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What just happened? Volvo has announced it will only sell electric vehicles by 2030, phasing out all car models with combustion engines, including hybrids, over the next nine years. The company previously said it's aiming for 50 percent of global sales to consist of fully electric cars by 2025 and wants to become an all-electric automaker within twenty years; this new 2030 target represents an “acceleration” of the electrification strategy.
Swedish company Volvo, owned by the Chinese Geely Group, says the new target date is driven by strong early demand for its first EV, the XC40 Recharge that launched last year, and an expected expansion of EV charging infrastructure.
Volvo also said it is increasing its focus on online sales. The company will be rolling out several new fully-electric models in the coming years, all of which will only be available online.
Volvo's first all-electric vehicle, the XC40 Recharge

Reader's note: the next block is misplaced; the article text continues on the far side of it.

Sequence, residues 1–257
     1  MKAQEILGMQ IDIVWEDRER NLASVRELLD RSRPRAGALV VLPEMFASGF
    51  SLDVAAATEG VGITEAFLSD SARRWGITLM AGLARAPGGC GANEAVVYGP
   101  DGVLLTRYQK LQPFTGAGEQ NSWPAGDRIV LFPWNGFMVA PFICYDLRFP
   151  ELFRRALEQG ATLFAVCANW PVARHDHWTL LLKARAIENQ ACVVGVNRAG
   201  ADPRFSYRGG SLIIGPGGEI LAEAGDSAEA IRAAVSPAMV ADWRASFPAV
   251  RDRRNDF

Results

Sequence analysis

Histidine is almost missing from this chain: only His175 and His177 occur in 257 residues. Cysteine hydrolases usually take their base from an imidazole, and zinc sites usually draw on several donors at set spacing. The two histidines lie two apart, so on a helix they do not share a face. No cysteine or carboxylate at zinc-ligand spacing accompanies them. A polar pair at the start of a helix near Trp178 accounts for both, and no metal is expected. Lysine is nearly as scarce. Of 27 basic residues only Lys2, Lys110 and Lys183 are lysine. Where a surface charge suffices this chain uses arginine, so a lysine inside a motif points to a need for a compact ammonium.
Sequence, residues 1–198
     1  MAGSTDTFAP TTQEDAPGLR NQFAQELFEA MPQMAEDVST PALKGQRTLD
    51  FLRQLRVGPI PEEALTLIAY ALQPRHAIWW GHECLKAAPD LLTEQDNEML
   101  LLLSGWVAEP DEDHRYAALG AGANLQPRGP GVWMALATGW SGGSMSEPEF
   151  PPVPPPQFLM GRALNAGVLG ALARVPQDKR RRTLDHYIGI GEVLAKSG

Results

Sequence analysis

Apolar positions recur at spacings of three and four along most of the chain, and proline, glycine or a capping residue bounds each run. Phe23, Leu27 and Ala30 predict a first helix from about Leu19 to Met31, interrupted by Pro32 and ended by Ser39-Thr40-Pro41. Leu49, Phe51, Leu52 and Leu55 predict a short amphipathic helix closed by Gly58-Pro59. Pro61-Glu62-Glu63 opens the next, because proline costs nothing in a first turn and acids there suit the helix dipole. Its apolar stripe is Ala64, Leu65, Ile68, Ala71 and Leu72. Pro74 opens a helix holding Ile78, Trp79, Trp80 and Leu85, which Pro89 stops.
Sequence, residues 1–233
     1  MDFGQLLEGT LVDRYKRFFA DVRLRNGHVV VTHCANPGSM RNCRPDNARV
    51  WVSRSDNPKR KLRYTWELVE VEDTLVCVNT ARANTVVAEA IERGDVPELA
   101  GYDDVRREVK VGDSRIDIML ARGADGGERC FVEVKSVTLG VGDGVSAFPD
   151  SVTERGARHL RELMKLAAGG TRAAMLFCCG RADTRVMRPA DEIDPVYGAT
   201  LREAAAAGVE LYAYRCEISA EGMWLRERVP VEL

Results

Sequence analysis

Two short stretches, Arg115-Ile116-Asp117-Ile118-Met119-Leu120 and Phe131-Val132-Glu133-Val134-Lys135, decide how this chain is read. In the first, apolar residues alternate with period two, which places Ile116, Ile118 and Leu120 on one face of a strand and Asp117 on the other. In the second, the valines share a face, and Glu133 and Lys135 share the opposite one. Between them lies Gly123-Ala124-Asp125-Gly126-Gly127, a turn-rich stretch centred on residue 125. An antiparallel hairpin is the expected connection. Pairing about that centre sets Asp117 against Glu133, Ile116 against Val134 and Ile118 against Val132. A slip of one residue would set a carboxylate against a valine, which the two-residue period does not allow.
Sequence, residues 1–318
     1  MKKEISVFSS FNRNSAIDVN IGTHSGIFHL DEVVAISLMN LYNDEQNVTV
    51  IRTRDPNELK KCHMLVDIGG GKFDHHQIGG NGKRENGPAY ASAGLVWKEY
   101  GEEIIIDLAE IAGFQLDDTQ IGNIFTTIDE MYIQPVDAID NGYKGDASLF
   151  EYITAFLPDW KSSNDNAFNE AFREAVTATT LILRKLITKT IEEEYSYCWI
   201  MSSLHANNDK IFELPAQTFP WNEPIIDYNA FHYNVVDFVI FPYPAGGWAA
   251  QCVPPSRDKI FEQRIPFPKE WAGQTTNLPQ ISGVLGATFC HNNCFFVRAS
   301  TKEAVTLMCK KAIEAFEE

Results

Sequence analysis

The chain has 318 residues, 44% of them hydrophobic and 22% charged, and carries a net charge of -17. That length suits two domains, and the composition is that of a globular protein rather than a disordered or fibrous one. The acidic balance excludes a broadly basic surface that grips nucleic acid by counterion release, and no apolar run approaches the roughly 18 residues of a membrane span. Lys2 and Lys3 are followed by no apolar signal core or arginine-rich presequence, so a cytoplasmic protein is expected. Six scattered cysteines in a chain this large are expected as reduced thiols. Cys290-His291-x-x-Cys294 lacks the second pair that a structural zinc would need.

“To remain successful, we need profitable growth. So instead of investing in a shrinking business, we choose to invest in the future – electric and online,” said Håkan Samuelsson, Chief Executive of Volvo Cars. “We are fully focused on becoming a leader in the fast-growing premium electric segment.”
Several countries in Europe and elsewhere have announced plans to ban the sale of new cars or vans powered solely by fossil fuels within the next decade. This is in addition to the numerous carmakers that have pledged to go electric-only. Is the writing on the wall for combustion engines? Volvo certainly believes so.
“There is no long-term future for cars with an internal combustion engine,” said Henrik Green, Chief Technology Officer at Volvo Cars.
Image credit: Philip Lange